Ben Roethlisberger, Bruce Gradkowski, Landry Jones
Let's face it, if anyone other than Number 7 is under center, this team is in trouble. The team will go as Ben will go. In his 8-year career, Ben has 22 Fourth Quarter Comebacks and has engineered 29 Game-Winning Drives. That is good enough to rank him 4th amongst active quarterbacks in both categories. Last season, Ben threw interceptions late in both the Dallas and Cincinnati games that ultimately cost the Steelers the chance at victory. Last season was also a tale of two halves for Ben as he was putting up MVP-caliber numbers before the double-whammy of Antonio Brown's ankle injury and his rib injury derailed the passing game. If Ben is able to stay healthy all season and operate Todd Haley's offense as Haley wants it run, he could be in for a career year.
Isaac Redman, Le'Veon Bell, Felix Jones, LaRod Stephens-Howling, Will Johnson (FB)
The position group with the most turnover has been the backfield with Mendenhall, Dwyer and Rainey replaced by Bell, Jones and LSH. The Steelers running game last season was the perfect storm of suckitude, ranking 31st in the league in runs up the middle yet running up the middle on 75% of their carries (the most in the league). The front office directly addressed this in the offseason, jettisoning offensive linemen that didn't have the quickness to pull, hiring a new offensive line coach to install the zone blocking scheme, and bringing in LaRod Stephens-Howling in free agency, Le'Veon Bell in the draft and Felix Jones via trade. The unit is certainly faster than it was last season, but with Bell's preseason injuries no one in the group has stepped up to take the reigns as the featured back.
Antonio Brown, Emmanuel Sanders, Jerricho Cotchery, Markus Wheaton, Derek Moye
The departure of Mike Wallace will hurt. Wallace had some of the best straight-line speed of any receiver in Steelers history. However, for the type of offense Todd Haley wants to run, Wallace was not a fit. Wallace did not have good feet and at times was agonizingly slow out of his breaks. Haley's offense is built around getting the ball out quickly into the hands of receivers that can make plays on the run. This was not Wallace's forte. Making plays with the ball in their hands is the forte of Antonio Brown and Emmanuel Sanders. Cotchery is a solid veteran who will see the field on third downs and running plays. Rookie Markus Wheaton has similar speed to Wallace but also can make moves in the open field to make defenders miss a la Brown and Sanders. Right now, Wheaton is not a better receiver than Wallace, but he will be a better fit for this offense. Moye (of Rochester High School and Penn State) ended last year on the practice squad and played his way onto the team in the preseason. He is the tallest of the group and could be used in red zone subpackages.
Heath Miller, David Johnson, David Paulson, Michael Palmer
The tight end position is still a bit up in the air entering Week 1 and will be until Heath Miller returns to action. The Steelers used OL Kelvin Beachum in a few sets as the tight end during their third preseason game and it worked great. Using an offensive linemen as a tight end is something the Ravens and Bengals have done recently and Haley has used the strategy before in Kansas City. David Johnson's return from injury gives the Steelers at least someone who is a capable blocker at the position. David Paulson has great hands and could be a wild card in the offense this year, but he isn't a player you want protecting Ben against a pass rush. Palmer earned his way onto the roster with good catches, blocking and special teams play in the preseason. He is a seasoned veteran that can do everything.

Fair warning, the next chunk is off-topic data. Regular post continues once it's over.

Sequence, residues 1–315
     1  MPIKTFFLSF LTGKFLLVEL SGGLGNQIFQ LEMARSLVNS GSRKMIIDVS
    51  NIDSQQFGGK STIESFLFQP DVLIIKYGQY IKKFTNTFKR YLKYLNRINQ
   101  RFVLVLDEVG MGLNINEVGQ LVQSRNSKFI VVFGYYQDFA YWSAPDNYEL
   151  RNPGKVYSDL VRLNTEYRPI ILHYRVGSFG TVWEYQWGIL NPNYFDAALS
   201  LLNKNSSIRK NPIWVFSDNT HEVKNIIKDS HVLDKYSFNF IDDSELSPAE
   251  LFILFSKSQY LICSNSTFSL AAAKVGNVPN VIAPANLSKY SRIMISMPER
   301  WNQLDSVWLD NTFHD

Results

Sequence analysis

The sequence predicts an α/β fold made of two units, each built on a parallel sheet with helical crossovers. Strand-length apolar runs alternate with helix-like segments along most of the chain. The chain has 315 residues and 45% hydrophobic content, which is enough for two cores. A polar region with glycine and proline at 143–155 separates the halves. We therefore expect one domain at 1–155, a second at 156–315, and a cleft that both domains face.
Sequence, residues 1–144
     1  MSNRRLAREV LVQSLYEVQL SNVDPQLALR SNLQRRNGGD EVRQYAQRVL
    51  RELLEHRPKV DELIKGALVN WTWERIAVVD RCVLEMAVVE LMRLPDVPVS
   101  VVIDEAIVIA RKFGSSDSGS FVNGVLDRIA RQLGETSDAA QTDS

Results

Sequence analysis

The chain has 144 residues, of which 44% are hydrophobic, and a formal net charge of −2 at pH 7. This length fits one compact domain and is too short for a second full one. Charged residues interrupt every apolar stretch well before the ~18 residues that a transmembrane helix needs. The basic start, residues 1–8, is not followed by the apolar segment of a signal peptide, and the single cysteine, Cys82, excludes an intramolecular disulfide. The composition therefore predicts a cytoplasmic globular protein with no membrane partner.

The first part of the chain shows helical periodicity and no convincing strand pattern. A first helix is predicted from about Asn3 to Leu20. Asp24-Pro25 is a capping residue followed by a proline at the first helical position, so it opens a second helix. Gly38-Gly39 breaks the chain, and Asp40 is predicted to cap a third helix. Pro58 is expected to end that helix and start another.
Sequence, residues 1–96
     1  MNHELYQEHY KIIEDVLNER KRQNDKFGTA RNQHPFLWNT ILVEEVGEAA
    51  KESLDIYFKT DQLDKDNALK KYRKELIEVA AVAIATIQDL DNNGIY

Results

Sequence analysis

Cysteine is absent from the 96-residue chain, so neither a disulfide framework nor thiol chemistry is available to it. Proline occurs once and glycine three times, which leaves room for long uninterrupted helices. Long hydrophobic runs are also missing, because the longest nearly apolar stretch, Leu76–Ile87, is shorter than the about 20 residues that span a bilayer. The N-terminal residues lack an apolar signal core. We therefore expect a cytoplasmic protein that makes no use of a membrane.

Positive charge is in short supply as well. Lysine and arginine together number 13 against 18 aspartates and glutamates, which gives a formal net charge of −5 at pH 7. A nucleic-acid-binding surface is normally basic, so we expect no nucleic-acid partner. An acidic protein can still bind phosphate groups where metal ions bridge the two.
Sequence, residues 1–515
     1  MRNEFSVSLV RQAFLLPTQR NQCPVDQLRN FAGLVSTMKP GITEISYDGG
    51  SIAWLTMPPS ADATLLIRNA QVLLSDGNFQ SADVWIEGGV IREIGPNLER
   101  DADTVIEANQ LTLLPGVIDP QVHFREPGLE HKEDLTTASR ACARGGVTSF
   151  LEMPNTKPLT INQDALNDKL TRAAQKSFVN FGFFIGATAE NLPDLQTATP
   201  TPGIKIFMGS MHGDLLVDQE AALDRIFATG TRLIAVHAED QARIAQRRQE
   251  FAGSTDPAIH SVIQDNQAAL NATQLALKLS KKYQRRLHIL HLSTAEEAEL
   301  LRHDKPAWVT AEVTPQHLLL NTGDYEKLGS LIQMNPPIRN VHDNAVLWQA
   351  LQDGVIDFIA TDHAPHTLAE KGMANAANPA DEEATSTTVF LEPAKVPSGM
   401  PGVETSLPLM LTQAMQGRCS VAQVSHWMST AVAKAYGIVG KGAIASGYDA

Mike Adams, Marcus Gilbert, David DeCastro, Ramon Foster, Maurkice Pouncey, Kelvin Beachum, Guy Whimper, Cody Wallace
For better or worse, the Steelers young and athletic offensive line is in place heading into the 2013 season. The zone blocking scheme has been installed and with Adams-Foster-Pouncey-DeCastro-Gilbert in place, it will be all systems go against Tennessee. The line had some poor performances at the outset of the preseason, but looked increasingly better against Kansas City and in limited action against Carolina. The line play will improve the longer this unit is able to stay together, but that remains in question as Marcus Gilbert has ended both of his professional seasons on the IR and the backups on the team aren't exactly confidence-inspiring.
Brett Keisel, Ziggy Hood, Steve McLendon, Cam Heyward, Al Woods, Hebron Fangupo
Keisel is the veteran of the group and is the most consistent of the down linemen. However, his status as one of the team's star players has been built up by the publicity around his beard more than his play. He is a good player, but does not command double-teams the way Aaron Smith did in his prime. Hood and Heyward were both first round picks who are coming to the ends of their rookie contracts. Both of them have shown flashes in the past but will need to be much more consistent in generating pressure and in gap control against the run this season. McLendon steps in at nose tackle for Casey Hampton and is a slimmer but more athletic player. While Hampton was a plug in the middle of the defense, McLendon is capable of generating pressure up the middle and getting penetration to break up run plays. Against the outside zone schemes that many teams are running, McLendon's style of play should better match up against the opponents the Steelers face.
LaMarr Woodley, Jason Worlids, Jarvis Jones, Chris Carter
LaMarr Woodley takes over the helm as the primary pass rusher for the Steelers this season and while he will stay at left outside linebacker, he will be called upon to produce more than last season when he was hampered by hamstring injuries. Worlids will start the season as the right outside linebacker, but first round pick Jarvis Jones is waiting in the wings. When asked about Jones' playing time in the opener, Coach said emphatically, "Jones is gonna play." And Jones deserves it. He was all around the ball in the preseason and looked every bit like the dominant player he was at Georgia that led the nation in sacks last season. It's only a matter of time before Jones takes over the starting role and Worlids is reduced to a situational rotation. Chris Carter is still on the roster despite not having recorded a sack in his 2 years with the team.